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It takes performers with special talents to tackle classical and pop music while sweating, swatting mosquitoes and executing hip-hop dance moves.

"Rodolfo [Nieto] has an aria and he has to accompany himself on guitar" said Taous Khazem, director of this year's Pickup Truck Opera, a take on Wolfgang Amadeus Mozart's "The Magic Flute." And I'm like, 'What can Joni [Griffith] not do?' She's singing, playing violin with the pit, dancing and also wearing a mask."

It's all in a show now traveling the state, performing outdoors with little more than a truck for a set, some costumes and the imaginations of the company and audience.

The "Magic Flute" story is famously nonsensical but Mixed Precipitation's adaptation looks at the challenges facing schools and how tech giants poach their talent.

"In the original, this guy Tamino [Roland Hawkins] is attacked by a dragon and saved by these three women. In ours, the women who save him are vice principals of the Strange Land Middle School. And Papageno [Loki Graham and Nick Miller alternate], in the original a bird catcher, is the janitor who has to catch birds in the school because they're so underfunded that birds fly through holes in the ceiling," Khazem said.

The story has never been the most important part of "The Magic Flute," so no need to get hung up on it. As is its wont, Mixed Precipitation mixes opera with hits from a particular era — the '90s, when "Flute" is set — to create something entirely new.

Here are a few other things to know about the show:

Watch for the blue pickup truck

It's the stage, so you'll want to choose blanket or camp chair space accordingly. In "Magic Flute," the two main settings are the school (the truck) and a tech firm whose practices could assist or bedevil it (the trailer).

"It's been really fun to think of goofy ways you can use a truck," said Khazem. "Can someone jump through the window? Can you stand on the hood?" Her actors include vehicle veteran Hawkins, who appeared earlier this year in another musical set around one, "Hands on a Hardbody."

Learn new tunes

The usual way to think of Mixed Precipitation's shows is that newer songs provide an entry point into opera. "Magic Flute" will let audiences place the "Queen of the Night" aria they've probably heard without knowing where it comes from.

Rodolfo Nieto plays Sarastro in “The Magic Flute” in Minnesota parks and gardens.
Rodolfo Nieto plays Sarastro in “The Magic Flute” in Minnesota parks and gardens.

Regina Woolson

"As an audience member, I've always appreciated this work so much," said Khazem, whose tastes run more to pop than op. "When I see it, I go, 'Oh, I'm getting it. I get the opera now.' In high school, my job was as an usher at the Ordway and I saw so many operas but I was not connecting."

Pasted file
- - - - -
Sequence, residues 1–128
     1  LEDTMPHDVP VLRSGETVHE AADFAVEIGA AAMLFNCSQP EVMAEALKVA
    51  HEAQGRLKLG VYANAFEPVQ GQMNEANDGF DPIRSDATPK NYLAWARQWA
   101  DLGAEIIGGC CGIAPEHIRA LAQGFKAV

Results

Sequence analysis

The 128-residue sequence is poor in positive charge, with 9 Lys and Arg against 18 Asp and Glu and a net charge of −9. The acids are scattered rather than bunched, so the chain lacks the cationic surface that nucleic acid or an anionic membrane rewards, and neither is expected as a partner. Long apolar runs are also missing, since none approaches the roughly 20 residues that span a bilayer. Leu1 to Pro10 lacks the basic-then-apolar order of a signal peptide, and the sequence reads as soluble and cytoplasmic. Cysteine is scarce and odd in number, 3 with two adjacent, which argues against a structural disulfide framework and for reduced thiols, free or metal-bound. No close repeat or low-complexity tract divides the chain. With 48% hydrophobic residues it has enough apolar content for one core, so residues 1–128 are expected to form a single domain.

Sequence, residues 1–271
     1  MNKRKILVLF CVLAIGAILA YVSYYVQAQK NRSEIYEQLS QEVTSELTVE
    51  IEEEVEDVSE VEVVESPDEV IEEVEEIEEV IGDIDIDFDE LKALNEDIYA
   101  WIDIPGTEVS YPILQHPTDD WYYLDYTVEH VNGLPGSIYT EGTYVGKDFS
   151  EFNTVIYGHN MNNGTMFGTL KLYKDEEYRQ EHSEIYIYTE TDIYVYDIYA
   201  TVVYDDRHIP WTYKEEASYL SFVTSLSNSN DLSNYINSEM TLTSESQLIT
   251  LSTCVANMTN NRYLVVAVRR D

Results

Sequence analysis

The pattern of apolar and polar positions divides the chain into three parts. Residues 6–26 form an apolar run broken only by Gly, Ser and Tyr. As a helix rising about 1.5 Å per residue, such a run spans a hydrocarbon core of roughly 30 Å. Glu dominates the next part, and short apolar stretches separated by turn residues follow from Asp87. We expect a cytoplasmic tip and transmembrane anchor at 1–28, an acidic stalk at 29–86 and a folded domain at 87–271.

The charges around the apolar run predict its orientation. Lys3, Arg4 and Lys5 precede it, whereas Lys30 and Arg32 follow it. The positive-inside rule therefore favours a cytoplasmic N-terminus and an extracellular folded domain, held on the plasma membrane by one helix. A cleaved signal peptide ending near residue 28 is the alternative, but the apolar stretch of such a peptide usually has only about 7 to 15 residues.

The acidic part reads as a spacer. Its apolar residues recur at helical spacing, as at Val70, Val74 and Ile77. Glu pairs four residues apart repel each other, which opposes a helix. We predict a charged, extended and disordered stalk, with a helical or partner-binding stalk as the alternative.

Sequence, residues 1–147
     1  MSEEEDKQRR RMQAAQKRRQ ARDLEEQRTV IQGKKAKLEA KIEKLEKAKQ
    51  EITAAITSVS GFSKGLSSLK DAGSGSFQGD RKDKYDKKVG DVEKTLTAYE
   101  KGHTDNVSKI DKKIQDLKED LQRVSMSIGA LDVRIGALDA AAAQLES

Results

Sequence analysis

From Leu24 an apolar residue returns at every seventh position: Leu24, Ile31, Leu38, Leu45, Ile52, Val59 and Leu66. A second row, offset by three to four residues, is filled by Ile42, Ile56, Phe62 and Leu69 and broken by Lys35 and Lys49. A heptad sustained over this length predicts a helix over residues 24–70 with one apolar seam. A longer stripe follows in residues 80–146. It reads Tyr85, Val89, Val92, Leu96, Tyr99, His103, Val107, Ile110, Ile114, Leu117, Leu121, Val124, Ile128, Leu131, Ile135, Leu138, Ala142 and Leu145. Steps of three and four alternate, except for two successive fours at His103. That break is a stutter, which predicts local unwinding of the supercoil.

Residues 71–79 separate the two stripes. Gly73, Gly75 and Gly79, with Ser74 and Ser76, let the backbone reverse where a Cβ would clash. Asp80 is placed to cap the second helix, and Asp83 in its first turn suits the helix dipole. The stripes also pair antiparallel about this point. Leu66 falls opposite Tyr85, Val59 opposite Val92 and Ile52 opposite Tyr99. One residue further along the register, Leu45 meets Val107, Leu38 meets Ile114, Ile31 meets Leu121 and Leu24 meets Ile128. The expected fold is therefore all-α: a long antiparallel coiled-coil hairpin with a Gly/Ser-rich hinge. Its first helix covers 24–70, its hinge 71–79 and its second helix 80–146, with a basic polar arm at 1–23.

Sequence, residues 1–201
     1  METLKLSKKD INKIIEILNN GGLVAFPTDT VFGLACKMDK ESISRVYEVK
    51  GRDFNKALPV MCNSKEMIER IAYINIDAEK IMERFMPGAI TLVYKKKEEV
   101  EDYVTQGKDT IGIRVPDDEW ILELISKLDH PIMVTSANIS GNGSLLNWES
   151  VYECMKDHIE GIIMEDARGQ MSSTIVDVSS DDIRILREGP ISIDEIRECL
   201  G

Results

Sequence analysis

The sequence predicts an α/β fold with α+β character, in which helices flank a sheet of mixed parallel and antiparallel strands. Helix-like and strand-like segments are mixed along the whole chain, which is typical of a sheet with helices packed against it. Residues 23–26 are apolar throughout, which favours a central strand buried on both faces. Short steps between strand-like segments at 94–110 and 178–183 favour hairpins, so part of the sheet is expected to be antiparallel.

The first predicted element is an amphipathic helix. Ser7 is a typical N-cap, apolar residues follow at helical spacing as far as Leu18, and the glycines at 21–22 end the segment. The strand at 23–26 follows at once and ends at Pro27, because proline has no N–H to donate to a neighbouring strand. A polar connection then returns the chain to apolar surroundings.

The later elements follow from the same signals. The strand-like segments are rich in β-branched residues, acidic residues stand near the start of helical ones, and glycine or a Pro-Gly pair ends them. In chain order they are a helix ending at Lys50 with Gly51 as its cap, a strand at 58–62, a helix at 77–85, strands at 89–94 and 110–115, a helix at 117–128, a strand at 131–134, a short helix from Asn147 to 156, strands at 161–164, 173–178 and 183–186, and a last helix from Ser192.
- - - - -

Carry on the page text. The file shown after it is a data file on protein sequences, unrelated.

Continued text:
But the reverse is true, too. Opera lovers can discover songs, including "Army of Me" by Bjork and "Just a Girl" by No Doubt, that show the '90s weren't all about flannel shirts and moany rock songs. (Surprisingly, there's no mashup of Whitney Houston's hit "Queen of the Night" with the Mozart aria of the same title.)

"I was in the first generation of classical musicians who really dug rock and pop and dance music," said music director Gary Ruschman, who plays guitar and melodica, and who re-orchestrated Mozart for a three-piece band.

In a role he likens to Paul Shaffer's on David Letterman's old show, guiding the accompaniment and sometimes joining the action, Ruschman says the music takes him back to a Goth club he frequented in the '90s.

Don't forget the precipitation

The word is right there in the name of the group that stages the show, Mixed Precipitation, and it's smart to keep it in mind.

The trailer protects the cellist/flute player and violinist if there's a light rain. Ruschman leaves his good guitar at home, using a "beater" Stratocaster, instead, knowing it's going to be humid and that dirt and bug spray will attach themselves to the strings.

The audience is exposed, though, and the first performance challenged actors with a sprinkle.

"They were so nimble about incorporating the rain into the action. It's all about being open and ready, whether it's a bee flying near your face or an airplane overhead,"Khazem said.

If you've been reluctant to go inside theaters...

The show might be perfect for culture fans inching back indoors after the pandemic.

"You can sit where you want. You can establish the distance that you want," said Khazem, noting that COVID-19 ended Mixed Precipitation's practice of passing themed appetizers throughout the show (although a pre-wrapped cookie is included). "You can bring your own picnic and make a whole experience for yourself."

Bring the kids

Khazem knows firsthand the 90-minute show works for little ones.

"My 4-year-old came to the first preview and had a good time. He brought his toy electric guitar because he wanted to 'play along,'" said Khazem. "I think it's for anybody who likes music and being outdoors."

Maybe grab some produce?

The opera is a great excuse to discover new natural spaces. Each company member has a different favorite but Khazem likes J.D. Rivers' Children's Garden in Minneapolis.

"There are these big trees you can sit under while you watch the show and, because I have kids, I love that afterwards they let you pick vegetables," Khazem said.

Folks who want to attend that one will have to wait, though. Scheduled for Sept. 11, it's the last trill of this "Magic Flute."

'The Magic Flute'

Credits: Written by Francisco Benavides. Music by Wolfgang Amadeus Mozart, adapted by Gary Ruschman. Directed by Taous Khazem.

When: Dates and times vary. Through Sept. 11

Where: Parks and gardens throughout Minnesota.

Tickets: Free, donations and reservations encouraged at